System Layout #1 – Basic Flood & Drain

The basic flood & drain aquaponics system is the most common system layout.  

There are probably thousands of them in use throughout the world and most of them (to a greater or lesser extent) produce fish and plants.

The system comprises a fish tank, a submersible pond pump and one (or more) flood and drain grow bed(s).

The grow beds are positioned in such a way that they drain directly back into the fish tank and the flood and drain cycle is controlled by a timer or an auto-syphon.

The most common aquaponics system layout.

 The pump, which is located in the fish tank, lifts water into the grow bed(s).  Once the water reaches a pre-determined level, the pump will stop (or the auto-syphon will start) and the grow bed(s) will drain back into the fish tank.

The advantages of the Basic Flood and Drain layout include:

  • Its simplicity
  • It’s cost effectiveness

The disadvantages of this layout include:

  • The need to provide support stands (and/or to partially bury the fish tank) in order to place the grow bed(s) above the top of the fish tank.
  • The number of grow beds limited by the available fish tank volume (without resorting to spider valves and other expensive solutions).
  • Fluctuating water level in fish tank.

Other Points:

  • Raft tanks can be used in conjunction with (or in place of) grow beds.
  • Continuous flow watering of the grow bed can be used in place of flood and drain irrigation.
  • The advantage of continuous flow watering, or raft tanks, is that you do not experience the fluctuating fish tank water levels that you do with flood and drain grow beds.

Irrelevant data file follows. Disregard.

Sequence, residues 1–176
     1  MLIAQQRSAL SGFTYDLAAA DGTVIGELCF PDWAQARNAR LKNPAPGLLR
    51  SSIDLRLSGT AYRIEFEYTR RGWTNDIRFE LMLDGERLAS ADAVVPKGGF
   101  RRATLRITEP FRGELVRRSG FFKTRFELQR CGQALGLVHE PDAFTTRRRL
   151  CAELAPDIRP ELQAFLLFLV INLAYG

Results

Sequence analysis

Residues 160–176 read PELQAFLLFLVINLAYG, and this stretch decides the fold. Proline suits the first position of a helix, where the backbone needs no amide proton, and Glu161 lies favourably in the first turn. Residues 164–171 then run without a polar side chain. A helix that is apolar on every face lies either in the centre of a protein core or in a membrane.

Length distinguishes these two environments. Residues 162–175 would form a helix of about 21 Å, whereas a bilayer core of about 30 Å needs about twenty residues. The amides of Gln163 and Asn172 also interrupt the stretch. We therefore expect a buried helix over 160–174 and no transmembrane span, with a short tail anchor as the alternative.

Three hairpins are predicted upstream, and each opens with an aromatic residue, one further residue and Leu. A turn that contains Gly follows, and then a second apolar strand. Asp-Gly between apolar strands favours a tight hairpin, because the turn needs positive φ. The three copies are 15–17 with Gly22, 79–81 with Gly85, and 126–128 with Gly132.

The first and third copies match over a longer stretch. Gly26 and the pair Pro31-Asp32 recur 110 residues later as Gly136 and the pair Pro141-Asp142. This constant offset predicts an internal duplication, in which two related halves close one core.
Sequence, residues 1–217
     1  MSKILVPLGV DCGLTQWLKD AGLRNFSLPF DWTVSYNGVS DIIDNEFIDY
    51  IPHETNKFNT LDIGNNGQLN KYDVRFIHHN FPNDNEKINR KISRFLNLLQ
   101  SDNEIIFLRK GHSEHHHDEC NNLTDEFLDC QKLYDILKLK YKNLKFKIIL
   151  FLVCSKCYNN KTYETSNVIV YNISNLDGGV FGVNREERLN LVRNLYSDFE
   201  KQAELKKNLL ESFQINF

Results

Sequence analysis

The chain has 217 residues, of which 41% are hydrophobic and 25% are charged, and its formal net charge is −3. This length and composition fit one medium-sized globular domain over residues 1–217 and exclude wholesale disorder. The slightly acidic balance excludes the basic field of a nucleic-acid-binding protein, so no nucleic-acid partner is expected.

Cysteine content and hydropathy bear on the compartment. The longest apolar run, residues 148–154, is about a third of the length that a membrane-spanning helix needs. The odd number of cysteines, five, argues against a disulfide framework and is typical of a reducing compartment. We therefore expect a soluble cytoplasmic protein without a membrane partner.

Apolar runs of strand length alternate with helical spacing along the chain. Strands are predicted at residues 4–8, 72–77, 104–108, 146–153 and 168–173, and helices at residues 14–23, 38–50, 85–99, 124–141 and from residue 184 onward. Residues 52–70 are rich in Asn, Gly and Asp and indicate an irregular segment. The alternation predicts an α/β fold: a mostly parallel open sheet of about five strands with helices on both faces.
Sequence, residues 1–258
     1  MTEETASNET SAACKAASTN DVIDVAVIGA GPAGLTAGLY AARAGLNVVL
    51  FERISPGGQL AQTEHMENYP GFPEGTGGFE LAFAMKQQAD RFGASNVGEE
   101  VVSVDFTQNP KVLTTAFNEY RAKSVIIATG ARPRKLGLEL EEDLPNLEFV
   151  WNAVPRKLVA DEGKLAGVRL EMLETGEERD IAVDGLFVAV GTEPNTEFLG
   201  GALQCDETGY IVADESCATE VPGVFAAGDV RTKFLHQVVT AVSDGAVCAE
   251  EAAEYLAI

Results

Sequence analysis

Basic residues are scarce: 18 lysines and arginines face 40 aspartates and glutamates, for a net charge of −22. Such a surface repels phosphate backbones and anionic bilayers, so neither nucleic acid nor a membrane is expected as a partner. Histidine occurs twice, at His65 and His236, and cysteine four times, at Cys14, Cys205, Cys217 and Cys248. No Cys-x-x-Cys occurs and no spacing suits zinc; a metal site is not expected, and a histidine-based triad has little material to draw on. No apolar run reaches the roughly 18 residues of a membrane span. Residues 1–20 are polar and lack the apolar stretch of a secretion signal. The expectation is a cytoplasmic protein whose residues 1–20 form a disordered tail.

• Where you elect to use raft tanks or flood and drain media-based grow beds, it is advisable to attach a trickling bio-filter to the system to underpin nitrification and to enhance aeration.  While this is advisable for all aquaponics systems it is particularly applicable to small ones.
  • Without mechanical filtration, this layout (as with all aquaponics systems) will be limited in terms of stocking density and nutrient production.

In 2007, we designed the microFish Farm (a variant of the basic flood and drain design) which is the subject of my next post.

-o0o-

Comments

    • says

      AP Philippines……That’s the approach taken by many people. In truth, however, raft systems are no less effective for growing fruiting plants than media based grow beds. It’s a simple matter of system design and plant support.

  1. says

    The “spider valve” you refer to, more accurately the “aquaponics valve”… is hardly expensive at around $90 – $130, depending on model.

    Especially when you consider the constraints that the “aquaponics valve” addresses, and the expansion possibilities they afford… that otherwise would cost substantially more to address any other way, for the same end result

    • says

      RupertofOz…..the “aquaponics valve” is far more expensive than the nothing that is required if you adopt sub-surface continuous flow. Continuous flow offers simplicity and no discernible difference in plant growth…..so it provides the same end result at no cost.

Trackbacks

Leave a Reply